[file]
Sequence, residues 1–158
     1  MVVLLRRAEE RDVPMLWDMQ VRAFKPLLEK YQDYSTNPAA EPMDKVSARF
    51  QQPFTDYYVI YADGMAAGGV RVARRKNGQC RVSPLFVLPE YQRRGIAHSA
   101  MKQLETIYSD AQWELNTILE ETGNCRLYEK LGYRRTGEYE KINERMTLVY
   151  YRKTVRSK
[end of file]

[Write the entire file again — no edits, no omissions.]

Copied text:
Sequence, residues 1–158
     1  MVVLLRRAEE RDVPMLWDMQ VRAFKPLLEK YQDYSTNPAA EPMDKVSARF
    51  QQPFTDYYVI YADGMAAGGV RVARRKNGQC RVSPLFVLPE YQRRGIAHSA
   101  MKQLETIYSD AQWELNTILE ETGNCRLYEK LGYRRTGEYE KINERMTLVY
   151  YRKTVRSK